Cincinnati Campus

General view of the campus of the University of Cincinnati circa 2011.

It seems like during high school, you’re doing the best in your classes to get into the best college. You’re encouraged to participate in activities to boost your resume. Your schedule consists largely of school and homework. All of it is done for the purpose of entering that college that you and or your family wants. However, despite that all preparation, are graduates really ready for college?

According to the Balance, 30% of all first-year students drop out after their first year.

So why is that?

In my opinion, I believe society has done a great disservice to this generation.

According to the Washington Post, 63% of millennials don’t know what a butter knife is, 60% don’t know how to make salad dressing and carve a turkey, and 25% are incapable of preparing a birthday cake from a boxed mix. Surface to say, cooking is a struggle for millennials. For whatever reason, preparing for college didn’t include how to cook.

We have students drenched in school work, while boosting this generation is “the best educated” it’s becoming clear that this generation is ill-prepared.

Society has done a poor job preparing students for college. Knowing what a plant cell is and how to solve problems using the Pythagorean theorem is great and all, but the knowledge is honestly useless if you aren’t going for a career in a math or science field. What would be great in prepping for college and isn’t confined to a career path is learning life skills.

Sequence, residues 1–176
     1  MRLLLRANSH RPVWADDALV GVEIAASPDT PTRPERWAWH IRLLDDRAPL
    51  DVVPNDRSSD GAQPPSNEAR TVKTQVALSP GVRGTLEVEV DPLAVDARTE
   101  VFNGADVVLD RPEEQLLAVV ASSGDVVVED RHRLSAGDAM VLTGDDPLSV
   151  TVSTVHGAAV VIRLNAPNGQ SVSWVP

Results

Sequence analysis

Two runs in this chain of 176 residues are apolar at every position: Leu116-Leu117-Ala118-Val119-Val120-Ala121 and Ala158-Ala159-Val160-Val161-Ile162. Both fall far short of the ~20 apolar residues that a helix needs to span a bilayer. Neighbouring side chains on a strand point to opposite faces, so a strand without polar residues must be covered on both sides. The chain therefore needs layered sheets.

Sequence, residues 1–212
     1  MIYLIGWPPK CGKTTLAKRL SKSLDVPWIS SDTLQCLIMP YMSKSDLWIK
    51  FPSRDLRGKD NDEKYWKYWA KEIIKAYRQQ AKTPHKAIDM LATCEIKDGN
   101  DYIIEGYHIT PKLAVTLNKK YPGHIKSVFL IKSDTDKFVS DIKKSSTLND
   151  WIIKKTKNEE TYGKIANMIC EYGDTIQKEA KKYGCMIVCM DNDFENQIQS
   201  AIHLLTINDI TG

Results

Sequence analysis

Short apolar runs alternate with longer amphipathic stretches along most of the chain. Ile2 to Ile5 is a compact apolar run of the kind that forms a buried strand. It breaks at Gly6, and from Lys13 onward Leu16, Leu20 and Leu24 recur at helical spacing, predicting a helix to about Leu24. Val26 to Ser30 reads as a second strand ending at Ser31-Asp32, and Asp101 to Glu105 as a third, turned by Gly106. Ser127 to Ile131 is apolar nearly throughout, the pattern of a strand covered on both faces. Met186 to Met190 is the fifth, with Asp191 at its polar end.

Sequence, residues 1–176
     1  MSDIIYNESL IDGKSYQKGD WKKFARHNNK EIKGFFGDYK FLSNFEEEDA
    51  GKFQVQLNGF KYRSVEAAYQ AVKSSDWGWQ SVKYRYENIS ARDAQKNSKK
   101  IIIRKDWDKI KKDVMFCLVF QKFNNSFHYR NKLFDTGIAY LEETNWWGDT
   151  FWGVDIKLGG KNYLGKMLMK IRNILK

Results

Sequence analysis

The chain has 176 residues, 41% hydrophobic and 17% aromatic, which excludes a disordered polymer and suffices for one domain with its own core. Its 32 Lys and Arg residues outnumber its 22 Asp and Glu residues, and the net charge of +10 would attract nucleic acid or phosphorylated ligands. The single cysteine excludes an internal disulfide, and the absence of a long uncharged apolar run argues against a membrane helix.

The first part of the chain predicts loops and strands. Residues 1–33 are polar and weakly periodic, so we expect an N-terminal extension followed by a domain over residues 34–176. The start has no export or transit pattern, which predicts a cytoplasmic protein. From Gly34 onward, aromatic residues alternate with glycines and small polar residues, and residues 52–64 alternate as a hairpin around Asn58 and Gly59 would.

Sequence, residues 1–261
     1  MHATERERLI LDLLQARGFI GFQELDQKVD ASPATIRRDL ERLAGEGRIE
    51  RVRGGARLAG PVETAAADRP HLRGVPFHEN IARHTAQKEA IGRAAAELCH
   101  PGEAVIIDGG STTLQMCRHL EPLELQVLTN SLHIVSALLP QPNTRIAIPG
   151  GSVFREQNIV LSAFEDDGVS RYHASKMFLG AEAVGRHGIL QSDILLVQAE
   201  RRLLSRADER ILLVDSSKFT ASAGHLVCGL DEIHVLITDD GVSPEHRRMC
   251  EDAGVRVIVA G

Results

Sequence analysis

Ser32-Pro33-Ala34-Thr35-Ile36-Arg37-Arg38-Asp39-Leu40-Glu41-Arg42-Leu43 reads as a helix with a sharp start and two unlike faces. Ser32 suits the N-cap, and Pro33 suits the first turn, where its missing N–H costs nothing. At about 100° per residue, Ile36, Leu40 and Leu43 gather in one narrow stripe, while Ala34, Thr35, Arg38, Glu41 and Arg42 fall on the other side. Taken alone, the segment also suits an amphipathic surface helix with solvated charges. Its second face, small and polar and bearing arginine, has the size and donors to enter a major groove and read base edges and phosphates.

Wouldn’t it be nice if instead of studying calculus, you could instead learn cooking? Or instead of taking chemistry, you learn how basic economics and taxes work. Instead of taking another biology course, what about a course in American politics? The number of people who don’t vote and don’t know how the government works is staggering. If you don’t want to learn calculus or chemistry, shouldn’t it be optional? Though chemistry and calculus are necessary for a career in science or math, is it necessary for a career in the arts, writing or history?

However, these potential solutions don’t necessarily answer the question of how we should solve the problem of the lack of life skills in our generation.

So far, other than “just leave it be” or a situation that absolves college students of any responsibility, there isn’t a clear answer. A shakeup of our educational system is in order to better prepare those who are in high school. 

College isn’t for everyone because society and the educational system has ill-prepared them, and it’s a darn shame.

Opinion Editor

Schell-Olsen has been with The News Record since Aug. 2018. He frequently writes about politics, society and elections.